Drawing on Campbell's theory of the modern hedonist and McCracken's theory of displaced meanings, the negative consequences that arise from trying to compensate for a large actual/ideal self-discrepancy via buying can be explained further. Campbell (1987, 1997) proposes that individuals, for the purpose of deriving pleasure, engage in fantasies whose building blocs commonly consist of consumer goods. As the greatest pleasure lies in letting the dream come true, this frequently results in actual purchases. The contents of the fantasies may evolve around aesthetic images, or they may include idealized images of the self. In the latter case, the pleasurable fantasies mainly consist of oneself embodying perfection. Such fantasies encourage the belief that in reality one actually possesses these kinds of qualities. In order to obtain the necessary proof that this is indeed the case, this requires action in the form of conduct in the 'real' world. As reality however never matches the perfected dream, the dreamer necessarily experiences failure; the failure to live up to his ideal self-image. The consequences are severe since the degraded reality in this case is the individual himself and not an object that ceaselessly can be substituted. As has been illustrated by the quotes above, this results in feelings of guilt, self-condemnation and a deepening sense of worthlessness, leading to an ever-widening gap between the ideal and the real self. In turn, this adds extra pressure to the individual to reassure his feelings of self-worth, eventually causing a spiral of events that becomes difficult to control. A similar effect has also been described by McCracken (1988). He proposes that people relocate their ideals to a distant, safe location in order to prevent these ideals from being devalued by the facts of reality. Consumer goods in this scenario serve as bridges to these distant locations in order to reassure oneself that one's ideal or parts of it are within one's reach and can potentially become reality. McCracken also stated that a problem is likely to arise if the displaced meanings evolve around idealized images of the self, because then the goods intended to serves as bridges are unlikely to deliver their promise. This promise is to give access to the displaced meanings. This will result in individuals engaging in desperate and repeated but unsuccessful attempts to lay claim to the displaced meanings. The conclusion that can be drawn from these theoretical perspectives is that dreams or fantasies involving idealized images of the self are highly problematic. Instead of serving as thriving motivational forces, they lead to feelings of self-condemnation and despair.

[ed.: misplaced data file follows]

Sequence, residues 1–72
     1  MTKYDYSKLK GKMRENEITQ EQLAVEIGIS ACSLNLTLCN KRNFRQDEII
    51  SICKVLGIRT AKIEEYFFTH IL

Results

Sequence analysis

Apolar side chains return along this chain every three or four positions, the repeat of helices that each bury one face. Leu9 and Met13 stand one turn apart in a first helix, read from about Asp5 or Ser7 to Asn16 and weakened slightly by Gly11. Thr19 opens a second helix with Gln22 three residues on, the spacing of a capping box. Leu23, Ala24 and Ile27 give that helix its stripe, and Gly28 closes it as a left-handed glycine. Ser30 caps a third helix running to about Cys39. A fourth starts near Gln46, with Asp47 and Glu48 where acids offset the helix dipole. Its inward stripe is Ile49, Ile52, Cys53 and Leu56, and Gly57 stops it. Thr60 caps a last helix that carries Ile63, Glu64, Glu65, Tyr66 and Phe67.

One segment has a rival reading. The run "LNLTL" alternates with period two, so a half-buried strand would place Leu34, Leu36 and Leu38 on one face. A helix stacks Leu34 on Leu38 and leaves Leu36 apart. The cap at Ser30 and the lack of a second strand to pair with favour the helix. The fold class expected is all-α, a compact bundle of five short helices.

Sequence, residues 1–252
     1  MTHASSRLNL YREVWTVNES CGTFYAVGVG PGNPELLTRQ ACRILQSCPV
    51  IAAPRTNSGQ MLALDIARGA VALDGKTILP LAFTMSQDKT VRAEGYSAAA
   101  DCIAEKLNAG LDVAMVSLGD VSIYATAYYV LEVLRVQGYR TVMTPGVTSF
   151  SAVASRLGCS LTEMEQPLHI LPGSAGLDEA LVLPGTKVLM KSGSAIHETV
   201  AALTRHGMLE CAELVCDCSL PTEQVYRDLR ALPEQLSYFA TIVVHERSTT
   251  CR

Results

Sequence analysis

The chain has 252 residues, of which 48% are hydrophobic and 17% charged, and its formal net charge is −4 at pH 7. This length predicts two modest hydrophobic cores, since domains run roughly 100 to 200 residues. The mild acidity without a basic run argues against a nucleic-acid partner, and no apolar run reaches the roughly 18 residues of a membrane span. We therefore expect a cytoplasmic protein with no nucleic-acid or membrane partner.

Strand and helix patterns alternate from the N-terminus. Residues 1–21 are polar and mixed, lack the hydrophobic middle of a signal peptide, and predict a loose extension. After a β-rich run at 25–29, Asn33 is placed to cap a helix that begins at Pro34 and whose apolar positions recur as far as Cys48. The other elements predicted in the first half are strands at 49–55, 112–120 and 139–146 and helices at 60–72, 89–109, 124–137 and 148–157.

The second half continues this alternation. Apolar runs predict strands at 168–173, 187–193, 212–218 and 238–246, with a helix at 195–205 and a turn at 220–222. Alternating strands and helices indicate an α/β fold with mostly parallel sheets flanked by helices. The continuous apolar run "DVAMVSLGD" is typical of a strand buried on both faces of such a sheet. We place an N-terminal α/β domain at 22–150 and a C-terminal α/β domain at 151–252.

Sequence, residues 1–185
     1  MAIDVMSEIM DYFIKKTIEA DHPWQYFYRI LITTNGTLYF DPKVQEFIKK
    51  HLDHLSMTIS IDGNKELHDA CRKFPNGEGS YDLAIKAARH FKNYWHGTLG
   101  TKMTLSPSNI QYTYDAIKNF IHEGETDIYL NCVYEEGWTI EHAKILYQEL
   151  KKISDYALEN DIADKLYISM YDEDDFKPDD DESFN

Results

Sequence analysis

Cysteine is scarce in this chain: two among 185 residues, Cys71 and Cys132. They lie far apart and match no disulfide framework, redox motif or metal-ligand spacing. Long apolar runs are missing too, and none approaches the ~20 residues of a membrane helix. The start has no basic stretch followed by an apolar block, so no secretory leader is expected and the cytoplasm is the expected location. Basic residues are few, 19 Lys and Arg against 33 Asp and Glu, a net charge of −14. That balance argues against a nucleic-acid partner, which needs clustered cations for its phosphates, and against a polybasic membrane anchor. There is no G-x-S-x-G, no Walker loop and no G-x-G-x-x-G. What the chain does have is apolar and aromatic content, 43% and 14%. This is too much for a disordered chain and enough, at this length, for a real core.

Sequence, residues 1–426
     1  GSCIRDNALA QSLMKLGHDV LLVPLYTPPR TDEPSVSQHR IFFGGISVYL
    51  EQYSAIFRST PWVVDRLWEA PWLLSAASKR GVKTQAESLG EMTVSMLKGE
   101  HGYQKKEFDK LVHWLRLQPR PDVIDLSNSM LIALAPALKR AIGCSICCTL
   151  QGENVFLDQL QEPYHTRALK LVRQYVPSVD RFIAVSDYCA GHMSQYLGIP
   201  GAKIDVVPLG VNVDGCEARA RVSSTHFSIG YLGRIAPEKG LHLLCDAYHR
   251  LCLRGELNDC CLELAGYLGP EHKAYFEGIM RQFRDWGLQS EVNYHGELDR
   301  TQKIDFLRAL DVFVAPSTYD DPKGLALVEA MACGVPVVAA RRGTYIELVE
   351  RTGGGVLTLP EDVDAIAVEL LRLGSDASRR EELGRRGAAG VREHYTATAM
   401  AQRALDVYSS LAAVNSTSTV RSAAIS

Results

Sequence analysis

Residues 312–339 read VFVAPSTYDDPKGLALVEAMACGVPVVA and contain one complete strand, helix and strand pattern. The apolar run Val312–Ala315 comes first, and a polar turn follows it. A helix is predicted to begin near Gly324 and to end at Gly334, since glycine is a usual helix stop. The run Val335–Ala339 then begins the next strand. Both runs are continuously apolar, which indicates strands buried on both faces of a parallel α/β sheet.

Showing that a high actual/ideal self-discrepancy exists in addicted buyers, however, does not establish any causal link. Singer (1993, cited in Toates, 1996) for example has shown that high actual/ideal self-discrepancies are also present in cocaine addicts, who employ the drug as a form of self-medication against depressed moods. Cocaine addicts thus seem to have chosen a different compensation mechanism than addicted buyers for bridging the perceived gap between their actual and ideal self-state. A likely reason for this is that the two groups of addicts have been subjected to different kinds of key experiences. From addicted buyers we know that through childhood and other life experience they came to associate material goods with love, attention, happiness and/or independence, and therefore they may prefer buying over other means of compensation:

My mum used to buy me things to keep my mouth shut and I sort of used to feel guilty because I had pleasure in the things she bought me, erm, but also guilt because I knew what they were for.... and then (she) come out and suddenly said it was my fault. I didn't even know what we'd done, you know. Erm and then to overcome that perhaps we'd go into town or if I said I wanted something, I'd get it, you know.

So we ended up with my mother and my dad, staying with them. And that sort of put pressure on. And I think it was my own way of getting heard, being independent by buying things. [...] I had a domineering mother. [...]. Everything was out of my hands. It was just bought and erm that was it. You had no say in the matter. Everything was bought through my mother. I lost confidence. [...] It was just that I wasn't good enough. I felt stupid and felt been made small....